Tips for Veterinarians to Achieve Financial Stability and Flourish Mentally
There are many self-help books, podcasts, TED talks, TikToks, and YouTube videos on finances, but you may still not know how to handle money, how to achieve financial well-being, or how finances can affect your overall health and happiness. This is often a result of school systems rarely teaching financial basics, such as how to make a budget or invest. Additionally, many veterinarians are so busy getting into and graduating from veterinary school that they don't have the time to prioritize their finances. As a veterinary student, you may have accumulated student loans or other debt without considering how this affects your future finances.
The truth is, the way you think and feel about money as well as the state of your personal finances can dramatically affect your mental health, safety, and happiness. If you're motivated to improve your own quality of life and mental health, attaining financial literacy and financial well-being is necessary.
What Is Financial Well-Being?
Financial well-being is a relative measure of how well you manage your finances. It's improved by practicing better money habits, setting financial goals, and taking actionable steps to achieve them—all with the purpose of improving your overall quality of life.
Start With Your Money Mindset
Finances start with your mindset—what you believe about money. Usually, you get these beliefs from your formative caregivers. If your parents thought there was never enough money and that money doesn't grow on trees, you likely hold those same beliefs. These beliefs drive your actions, which create money habits, impacting your life and your experiences with money. Negative beliefs about money often result in life experiences with not enough money and too much debt, which add stress.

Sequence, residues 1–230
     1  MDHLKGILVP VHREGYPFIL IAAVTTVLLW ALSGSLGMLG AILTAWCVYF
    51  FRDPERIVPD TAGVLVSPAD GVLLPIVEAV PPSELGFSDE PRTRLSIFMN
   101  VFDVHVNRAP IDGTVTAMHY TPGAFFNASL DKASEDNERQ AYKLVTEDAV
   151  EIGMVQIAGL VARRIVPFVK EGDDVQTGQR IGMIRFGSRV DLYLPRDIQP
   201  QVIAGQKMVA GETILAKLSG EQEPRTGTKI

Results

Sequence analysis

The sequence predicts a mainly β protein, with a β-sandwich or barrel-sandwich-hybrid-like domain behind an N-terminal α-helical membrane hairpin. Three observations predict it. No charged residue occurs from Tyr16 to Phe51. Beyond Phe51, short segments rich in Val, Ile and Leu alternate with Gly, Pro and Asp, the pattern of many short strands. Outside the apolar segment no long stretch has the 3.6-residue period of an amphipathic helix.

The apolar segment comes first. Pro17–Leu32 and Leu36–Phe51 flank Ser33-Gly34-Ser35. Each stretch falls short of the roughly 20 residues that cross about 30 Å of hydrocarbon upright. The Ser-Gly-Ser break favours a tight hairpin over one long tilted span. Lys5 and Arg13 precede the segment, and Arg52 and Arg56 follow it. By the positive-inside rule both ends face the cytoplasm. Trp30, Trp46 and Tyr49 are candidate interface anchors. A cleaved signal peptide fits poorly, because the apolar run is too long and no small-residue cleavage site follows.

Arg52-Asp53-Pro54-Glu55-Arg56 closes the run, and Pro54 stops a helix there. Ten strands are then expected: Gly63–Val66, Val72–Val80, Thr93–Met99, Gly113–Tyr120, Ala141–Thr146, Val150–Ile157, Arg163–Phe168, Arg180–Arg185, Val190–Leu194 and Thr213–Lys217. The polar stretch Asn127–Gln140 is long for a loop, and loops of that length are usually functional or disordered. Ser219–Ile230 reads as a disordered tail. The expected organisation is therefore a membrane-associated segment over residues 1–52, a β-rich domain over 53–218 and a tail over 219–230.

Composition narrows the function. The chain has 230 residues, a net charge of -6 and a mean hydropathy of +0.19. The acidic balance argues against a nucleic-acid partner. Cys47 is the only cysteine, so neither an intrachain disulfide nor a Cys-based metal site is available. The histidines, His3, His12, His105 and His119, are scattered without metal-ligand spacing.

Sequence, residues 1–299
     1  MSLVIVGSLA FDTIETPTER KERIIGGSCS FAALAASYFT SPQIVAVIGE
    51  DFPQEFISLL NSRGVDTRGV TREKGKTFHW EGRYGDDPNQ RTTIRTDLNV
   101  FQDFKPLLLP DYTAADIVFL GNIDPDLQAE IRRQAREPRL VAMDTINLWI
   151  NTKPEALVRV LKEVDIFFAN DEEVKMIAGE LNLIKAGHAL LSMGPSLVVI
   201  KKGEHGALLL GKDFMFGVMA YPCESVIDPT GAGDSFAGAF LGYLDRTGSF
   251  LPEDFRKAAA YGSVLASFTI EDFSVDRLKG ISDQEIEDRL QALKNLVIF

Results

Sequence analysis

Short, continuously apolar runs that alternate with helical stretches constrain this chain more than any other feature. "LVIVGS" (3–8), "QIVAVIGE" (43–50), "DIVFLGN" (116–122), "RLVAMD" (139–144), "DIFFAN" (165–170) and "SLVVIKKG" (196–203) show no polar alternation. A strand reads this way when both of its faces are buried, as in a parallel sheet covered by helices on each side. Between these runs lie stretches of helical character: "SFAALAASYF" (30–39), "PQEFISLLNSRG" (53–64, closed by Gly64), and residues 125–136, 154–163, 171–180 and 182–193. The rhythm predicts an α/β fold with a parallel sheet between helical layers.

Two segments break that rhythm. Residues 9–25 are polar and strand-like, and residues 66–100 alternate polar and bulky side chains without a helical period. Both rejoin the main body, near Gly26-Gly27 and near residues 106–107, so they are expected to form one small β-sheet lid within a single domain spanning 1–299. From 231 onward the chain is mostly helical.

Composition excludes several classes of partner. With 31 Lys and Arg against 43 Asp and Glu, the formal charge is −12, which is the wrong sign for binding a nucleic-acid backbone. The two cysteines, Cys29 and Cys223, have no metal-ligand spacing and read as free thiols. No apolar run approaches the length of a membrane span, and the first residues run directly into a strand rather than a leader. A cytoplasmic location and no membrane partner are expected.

On the other hand, having an abundant money mindset and a more positive outlook on money can help you honor and value what you already have. It can help you remember that you already have many things money can't buy, including purpose, personal fulfillment, and love. Your experiences with money begin in your mind, so create and maintain a productive money mindset that will support you and your financial well-being.
Know Your Financial Baseline
Once you've managed your mindset, it's time to do the work. Many veterinary professionals experience feelings of financial insecurity and additional stress as a result because they don't know how much money they need to survive each month. So, determine your financial baseline and budget—how much money do you need each month to meet your basic needs?
These needs might include housing, food, transportation, insurance, phone, Wi-Fi, etc. List your basic needs, put a dollar figure next to each, and add them up. This sum is the minimum amount of after-tax money you need each month to survive. Knowing this amount can help you feel better about hitting this number. Anything you earn above this number can be used for investing, saving, reducing debt, and having fun.
Take an Honest Inventory